We were taught to salute and to bow our heads every time we met a man of religion, a teacher, or an elderly person. At home, every evening we listened to prayers sung from memory by either my father or my mother. Then, before going to bed, we said our own prayers. They were always couched in song, and were thus pleasant to recite and easy to remember.
As children we always had plenty to eat. There was not much variety, but Mother was an excellent cook. She could fry turnips, or peas, or cauliflower in butter with curry powder and spices, and I must say I have never tasted anything so rich and marvelous, not even in the many wonderful restaurants and hotels that I have visited throughout the world. Our food consisted mostly of vegetables and greens, plenty of milk, buttermilk, curdled milk, and butter. In the northern part of India rice is not the staple food, but is served only on special occasions, and is considered a delicacy.
One of the staples of the diet in Punjab is a pancake called rotee. My mother used to make the most delicious rotees I have ever tasted. Other members of the family and children were always fed first before Mother would eat her meal, and to this day I cannot understand the logic of Mother always eating the stale, one-day-old rotees. In answer to my question she said, "Son, we cannot waste food. These rotees, when they are warmed, are just as good and fresh, and Mother likes to eat them." But why eat the stale of yesterday and make the leftovers of today stale for tomorrow I could never understand.
My family ate meat. The only kind of meat available was goat meat and poultry, but meat was a special dish. We had it once a month on the average. My mother never tasted meat in her life, and yet she could cook it, and cook it well, for the rest of the family.
Sugar cane was a special favorite with us. In the wintertime, when sugar cane was in season, I remember that as boys we would go and sit in the middle of the sugar-cane field, cut the sugar cane, knock off the straw, peel it with our teeth, and chew it. It was a most marvelous and delicious pastime.
My family was exceptionally fortunate in having a small grove of trees on our land. We had tangerines, oranges, grapefruit--none of the Arizona, California, and Florida variety, but pomelos of the Far East and India variety. I loved going to the grove and picking the ripe fruit fresh from the trees. Fresh fruit was a real delicacy in that part of the world, for on the whole such fruit was not available to the villagers of Punjab. We had a few lime trees in our garden and I recall seeing people walk several miles to get a lime to use for medicinal purposes. The mango is the one fruit common to just about all parts of India, and farmers grow mangoes on their farms for their own use. As boys, I remember, we used to sit under a mango tree and eat mangoes by the bushel. Then, quite a number of farmers grew a few vines of cantaloupes and watermelons. We used to pick the cantaloupes fully ripe and chill them by letting them float in the cool stream of fresh well water as it was being pumped from the wells for irrigation. There was no refrigeration; no ice was available in the village, and I recall that one of our special delights was to go and buy some ice from the railroad train as it stopped at the station a few miles away.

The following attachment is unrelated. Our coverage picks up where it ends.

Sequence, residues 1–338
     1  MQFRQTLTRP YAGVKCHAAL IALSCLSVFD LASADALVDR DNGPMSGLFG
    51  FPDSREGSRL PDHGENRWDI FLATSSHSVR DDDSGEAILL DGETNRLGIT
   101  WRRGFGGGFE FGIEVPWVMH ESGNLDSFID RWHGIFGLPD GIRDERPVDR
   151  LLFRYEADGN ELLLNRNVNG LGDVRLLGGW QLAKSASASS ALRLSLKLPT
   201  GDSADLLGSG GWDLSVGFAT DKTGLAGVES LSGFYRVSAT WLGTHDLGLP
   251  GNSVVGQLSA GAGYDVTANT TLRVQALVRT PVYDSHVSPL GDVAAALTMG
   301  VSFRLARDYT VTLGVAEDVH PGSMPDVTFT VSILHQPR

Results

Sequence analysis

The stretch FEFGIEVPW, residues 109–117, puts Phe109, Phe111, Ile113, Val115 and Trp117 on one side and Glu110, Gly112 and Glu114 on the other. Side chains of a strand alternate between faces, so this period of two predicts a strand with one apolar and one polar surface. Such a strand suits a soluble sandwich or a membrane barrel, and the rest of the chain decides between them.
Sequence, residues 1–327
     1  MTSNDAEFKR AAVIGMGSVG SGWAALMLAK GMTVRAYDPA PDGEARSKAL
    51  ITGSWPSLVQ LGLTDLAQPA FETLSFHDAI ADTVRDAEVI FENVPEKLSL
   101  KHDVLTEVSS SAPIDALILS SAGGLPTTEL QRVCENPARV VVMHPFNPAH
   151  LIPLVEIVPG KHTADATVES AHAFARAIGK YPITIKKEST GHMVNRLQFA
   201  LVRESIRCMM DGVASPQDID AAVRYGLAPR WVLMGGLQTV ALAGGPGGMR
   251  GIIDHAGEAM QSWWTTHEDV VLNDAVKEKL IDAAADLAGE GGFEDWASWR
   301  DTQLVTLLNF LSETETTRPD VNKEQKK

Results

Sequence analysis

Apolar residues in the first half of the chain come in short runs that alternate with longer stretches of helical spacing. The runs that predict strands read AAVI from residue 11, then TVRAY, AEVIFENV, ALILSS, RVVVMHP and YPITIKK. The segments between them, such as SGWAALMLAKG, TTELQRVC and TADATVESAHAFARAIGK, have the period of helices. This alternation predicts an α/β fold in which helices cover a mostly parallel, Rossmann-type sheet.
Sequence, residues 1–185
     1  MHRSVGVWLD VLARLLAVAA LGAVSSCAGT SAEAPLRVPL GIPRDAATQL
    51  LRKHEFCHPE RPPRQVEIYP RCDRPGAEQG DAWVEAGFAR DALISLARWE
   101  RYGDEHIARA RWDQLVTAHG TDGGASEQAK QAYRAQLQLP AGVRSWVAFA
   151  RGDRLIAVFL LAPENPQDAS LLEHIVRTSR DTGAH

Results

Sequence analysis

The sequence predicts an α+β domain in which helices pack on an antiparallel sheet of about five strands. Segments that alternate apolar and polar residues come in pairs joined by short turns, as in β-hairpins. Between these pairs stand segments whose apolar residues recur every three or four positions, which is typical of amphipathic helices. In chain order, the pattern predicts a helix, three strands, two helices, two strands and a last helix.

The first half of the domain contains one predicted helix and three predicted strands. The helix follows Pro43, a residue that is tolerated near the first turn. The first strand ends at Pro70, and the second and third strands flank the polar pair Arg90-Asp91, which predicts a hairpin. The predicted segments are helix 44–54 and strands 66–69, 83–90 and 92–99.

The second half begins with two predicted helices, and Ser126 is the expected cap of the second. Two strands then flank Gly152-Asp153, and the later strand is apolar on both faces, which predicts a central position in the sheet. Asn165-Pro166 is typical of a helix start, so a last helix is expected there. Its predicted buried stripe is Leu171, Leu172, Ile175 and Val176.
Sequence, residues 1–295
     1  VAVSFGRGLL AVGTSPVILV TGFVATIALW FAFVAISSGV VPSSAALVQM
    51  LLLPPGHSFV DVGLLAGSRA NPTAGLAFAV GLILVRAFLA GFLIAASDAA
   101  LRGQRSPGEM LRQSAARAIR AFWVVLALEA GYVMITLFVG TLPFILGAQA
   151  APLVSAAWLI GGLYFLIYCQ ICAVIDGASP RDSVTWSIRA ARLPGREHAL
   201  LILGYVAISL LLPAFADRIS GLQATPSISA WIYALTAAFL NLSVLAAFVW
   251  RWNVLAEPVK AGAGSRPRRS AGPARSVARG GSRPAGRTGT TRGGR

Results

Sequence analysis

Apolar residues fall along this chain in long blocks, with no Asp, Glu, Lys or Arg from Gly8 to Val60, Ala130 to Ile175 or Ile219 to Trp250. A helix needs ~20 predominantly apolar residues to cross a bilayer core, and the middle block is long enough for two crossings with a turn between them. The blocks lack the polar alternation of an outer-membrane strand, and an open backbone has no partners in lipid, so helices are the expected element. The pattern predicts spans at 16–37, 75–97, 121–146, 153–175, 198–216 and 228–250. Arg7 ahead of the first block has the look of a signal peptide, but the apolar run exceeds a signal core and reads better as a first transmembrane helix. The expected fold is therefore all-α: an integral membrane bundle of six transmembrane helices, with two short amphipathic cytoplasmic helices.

Such was the village life of India, where I was reared by an unlettered but devoted and loving mother who nonetheless knew the art of raising children. My mother was the only doctor or dentist I knew. Her success may be judged by the fact that I was twenty-nine years old when I first had to sit in a dentist's chair.
It has been said that in India teachers and preachers will never starve. It is quite literally true, and as a tradition goes back to the ancient days of India's history, after the exodus of the Aryans from central Asia to the plains of India. In the elaborate caste system of the Hindus the top caste were the Brahmans, who became the teachers and preachers of the Hindu society. And, because of their superior learning and understanding of the history and literature of India, prominent Brahmans occupied responsible positions of power in government as the ministers of kings and emperors. In the rules of caste the early leaders of India made it an edict that no Brahman should ever possess any personal or real property. For that reason the needs and personal wants of the Brahman, the teacher, and the preacher, have always received precedence in the Hindu way of life. If a teacher or a preacher comes to a villager's home, the villager will afford him the best accommodations in the household and see that the visitor is served first, and with the best possible fare. A story is told of a Catholic friar who was traveling in northern India. During a hot summer day this missionary for Christ became tired, and spreading his sheet, lay down to rest under a banyan tree a mile outside the village. A little girl saw the friar lying in the shade of the tree and told her mother. The mother immediately sent the girl with a jug of fresh, cool water and some fresh fruit in a basket. When, after a few hours of restful sleep, the tired friar awoke, he saw a little girl swinging a small fan over him and watching the basket of fruit and the jug of fresh water. The little girl's mother did not inquire what the religion of the stranger was. It was her dharma, her religious duty, to give the preacher the gift of fruit and fresh, cold water and to send her daughter to fan him against the heat of the day.
Sister Nivedeta, Mrs. Margaret Noble, who wrote several books on Indian culture and religion, made her home in the native quarters of Calcutta while making a study of India's past. In recounting her experiences, she says that when she first arrived in Calcutta, she would find a basket of fruit and a jug of fresh, cold milk in front of her door each morning, and she never found out who the donor was. What she did not know was that it was the dharma of the neighbors to provide for the simple necessities of the student. It did not matter whether or not she was their friend or what her opinions concerning their culture might be. It mattered only that she was a student, and it was therefore their religious duty to take care of her.